Kid Icarus: Uprising has had many Infendo contributors, myself included, wondering if the game was going to have some serious problems when it finally released. Since then, it has, and let’s just it has never been more fantastic to be proven wrong. Project Sora has with their first project already proven that they are a top tier developer, making the wait for Super Smash Bros. Wii U/3DS all the more unbearable.
The first thing I have to say about the game is to use the stand. Just do it. I played the game through equally with and without the stand, and found that the stand just felt right. My hands never got so uncomfortable that they hurt playing it either way, but when I wasn’t using it or couldn’t, I just felt myself longing for my stand.
For the entirety of the game, the action is split on two fronts, in the sky and in the air. While in the sky, the game plays very much like an on-rails shooter. You can still move Pit, the main character, around, but his flight path is predetermined. Movement of the cursor is controlled via the touch screen, while movement and firing is done via the circle pad and shoulder button respectively.
When Pit lands, the game turns into a third person shooter of sorts, and is where the game really takes off. Control problems aside, the land sections are where the game excels. As you defeat enemies and explore areas for treasure chests, you will acquire new items and earn new abilities. This has driven a collector like myself mad because all I can think about is acquiring new items to fuse with my weapons.
The game handles difficulty rather intelligently. Pit collects hearts for every defeated enemy throughout his adventure, and before each chapter you are given the choice to either lower, or raise the recommended difficulty. Chose to lower the difficulty and enemies will not shoot as many projectiles, and are generally easier to defeat. You will be charged a few hundred hearts for this, and will notice enemies will drop far fewer items and hearts. Go the opposite route and opt for a tougher difficulty, and enemies will be tougher at the reward of having a higher drop rate. The higher the difficulty, the more hearts you will be charged. It is a gamble, however, because if you are defeated you will lose all the charged hearts.
Both sections use the same control scheme, and this is where some of my problems with the game lie. It isn’t exactly easy to manage camera movement, as well as cursor control via the touch screen. It is perfectly manageable, but you have to wonder had the game been developed with dual analog inputs in mind if the circle pad pro would have become a required purchase at that point.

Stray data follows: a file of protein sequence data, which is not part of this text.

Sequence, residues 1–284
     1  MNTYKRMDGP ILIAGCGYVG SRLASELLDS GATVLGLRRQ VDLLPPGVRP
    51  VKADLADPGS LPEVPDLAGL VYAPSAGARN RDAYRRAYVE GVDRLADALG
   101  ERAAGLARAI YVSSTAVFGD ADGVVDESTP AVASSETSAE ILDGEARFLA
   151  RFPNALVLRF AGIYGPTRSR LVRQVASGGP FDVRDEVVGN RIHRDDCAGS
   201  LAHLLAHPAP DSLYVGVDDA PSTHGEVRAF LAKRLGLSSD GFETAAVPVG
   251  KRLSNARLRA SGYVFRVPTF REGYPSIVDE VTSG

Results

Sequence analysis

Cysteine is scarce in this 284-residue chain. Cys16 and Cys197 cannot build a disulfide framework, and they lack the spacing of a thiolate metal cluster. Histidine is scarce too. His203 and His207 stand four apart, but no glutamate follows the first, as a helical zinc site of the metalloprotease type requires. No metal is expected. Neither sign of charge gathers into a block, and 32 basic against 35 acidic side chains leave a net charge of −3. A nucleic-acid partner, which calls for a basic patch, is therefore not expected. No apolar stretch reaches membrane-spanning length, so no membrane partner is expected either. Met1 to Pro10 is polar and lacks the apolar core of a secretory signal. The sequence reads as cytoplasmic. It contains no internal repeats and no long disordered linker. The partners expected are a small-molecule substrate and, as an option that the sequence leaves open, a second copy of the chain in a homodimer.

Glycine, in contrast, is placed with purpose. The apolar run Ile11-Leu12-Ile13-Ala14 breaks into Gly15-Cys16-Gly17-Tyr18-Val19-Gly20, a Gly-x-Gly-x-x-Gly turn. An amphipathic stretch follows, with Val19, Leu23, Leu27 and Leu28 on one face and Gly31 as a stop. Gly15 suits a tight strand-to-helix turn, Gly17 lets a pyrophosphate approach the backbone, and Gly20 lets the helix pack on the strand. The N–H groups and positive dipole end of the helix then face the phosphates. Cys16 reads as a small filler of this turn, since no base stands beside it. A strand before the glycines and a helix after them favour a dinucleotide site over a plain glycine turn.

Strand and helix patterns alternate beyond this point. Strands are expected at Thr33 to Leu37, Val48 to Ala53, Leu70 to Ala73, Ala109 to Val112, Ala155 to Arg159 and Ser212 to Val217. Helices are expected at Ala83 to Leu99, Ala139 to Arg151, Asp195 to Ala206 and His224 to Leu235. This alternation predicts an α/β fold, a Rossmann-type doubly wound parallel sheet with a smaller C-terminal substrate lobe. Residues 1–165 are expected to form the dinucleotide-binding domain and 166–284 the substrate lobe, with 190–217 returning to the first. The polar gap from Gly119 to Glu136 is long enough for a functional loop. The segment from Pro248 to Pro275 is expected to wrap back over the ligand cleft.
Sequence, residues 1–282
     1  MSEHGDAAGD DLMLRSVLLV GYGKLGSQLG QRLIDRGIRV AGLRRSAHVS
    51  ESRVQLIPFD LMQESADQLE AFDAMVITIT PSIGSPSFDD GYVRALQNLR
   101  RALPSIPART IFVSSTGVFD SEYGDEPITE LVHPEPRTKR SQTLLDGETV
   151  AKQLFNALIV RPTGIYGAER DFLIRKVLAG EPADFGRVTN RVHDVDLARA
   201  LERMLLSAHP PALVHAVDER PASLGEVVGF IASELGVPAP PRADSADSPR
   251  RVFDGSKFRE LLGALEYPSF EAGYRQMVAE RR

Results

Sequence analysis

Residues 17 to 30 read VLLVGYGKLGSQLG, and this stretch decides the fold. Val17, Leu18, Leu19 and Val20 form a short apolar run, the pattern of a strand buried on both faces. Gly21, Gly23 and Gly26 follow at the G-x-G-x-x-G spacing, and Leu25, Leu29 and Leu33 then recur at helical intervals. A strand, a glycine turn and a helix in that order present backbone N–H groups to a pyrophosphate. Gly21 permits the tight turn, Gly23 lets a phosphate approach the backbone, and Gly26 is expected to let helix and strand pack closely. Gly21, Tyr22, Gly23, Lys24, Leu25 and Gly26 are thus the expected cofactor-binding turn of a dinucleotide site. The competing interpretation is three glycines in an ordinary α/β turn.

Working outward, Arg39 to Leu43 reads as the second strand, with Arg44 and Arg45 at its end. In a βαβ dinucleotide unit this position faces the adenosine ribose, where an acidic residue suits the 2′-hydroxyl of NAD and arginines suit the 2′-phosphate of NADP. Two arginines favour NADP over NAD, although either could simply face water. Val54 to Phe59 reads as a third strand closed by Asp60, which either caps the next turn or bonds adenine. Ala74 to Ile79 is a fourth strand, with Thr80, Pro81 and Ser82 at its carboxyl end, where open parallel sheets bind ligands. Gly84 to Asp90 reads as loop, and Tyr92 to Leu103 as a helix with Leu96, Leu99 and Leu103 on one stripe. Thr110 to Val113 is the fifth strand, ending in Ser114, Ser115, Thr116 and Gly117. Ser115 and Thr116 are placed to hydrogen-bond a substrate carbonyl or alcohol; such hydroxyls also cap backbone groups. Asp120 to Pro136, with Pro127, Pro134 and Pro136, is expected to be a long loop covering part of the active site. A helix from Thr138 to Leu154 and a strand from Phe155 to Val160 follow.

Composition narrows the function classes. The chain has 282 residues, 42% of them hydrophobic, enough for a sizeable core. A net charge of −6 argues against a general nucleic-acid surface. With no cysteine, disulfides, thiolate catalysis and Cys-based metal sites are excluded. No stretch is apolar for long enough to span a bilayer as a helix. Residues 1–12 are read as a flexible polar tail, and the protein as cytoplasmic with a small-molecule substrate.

There are numerous control options in the game, so more likely than not you will find an option to suit your needs. The circle pad pro actually adds lefty support for all you southpaws out there. I actually dug out my old DS Phat wrist strap, and played with the plastic nubbin on the end of that and it felt great.
Multiplayer is very addictive, and I can see many sleepless nights in my future just to play “one more match.” The game supports up to six people with any combination of on and offline players. Equipment acquired throughout the game’s campaign mode can be brought into the multiplayer arena, and is balanced by awarding more points for taking out players with higher value gear.
There is plenty of replayablity to be found in Kid Icarus: Uprising. Just acquiring and fusing new items alone can take dozens of hours. There is so much content packed inside the tiny little 3DS cart that it is mind blowing. I didn’t even get to mention the awesome AR functionality in the game. If you could tell by now, I really enjoyed the game, and I think you will too. The game often breaks the fourth wall with its smart dialog and surprisingly not terrible voice acting. I was actually laughing out loud when when character told me she couldn’t see “Because of my slightly botched lazer eye surgery.” Go out, buy Kid Icarus: Uprising, and enjoy the hours of gameplay to come.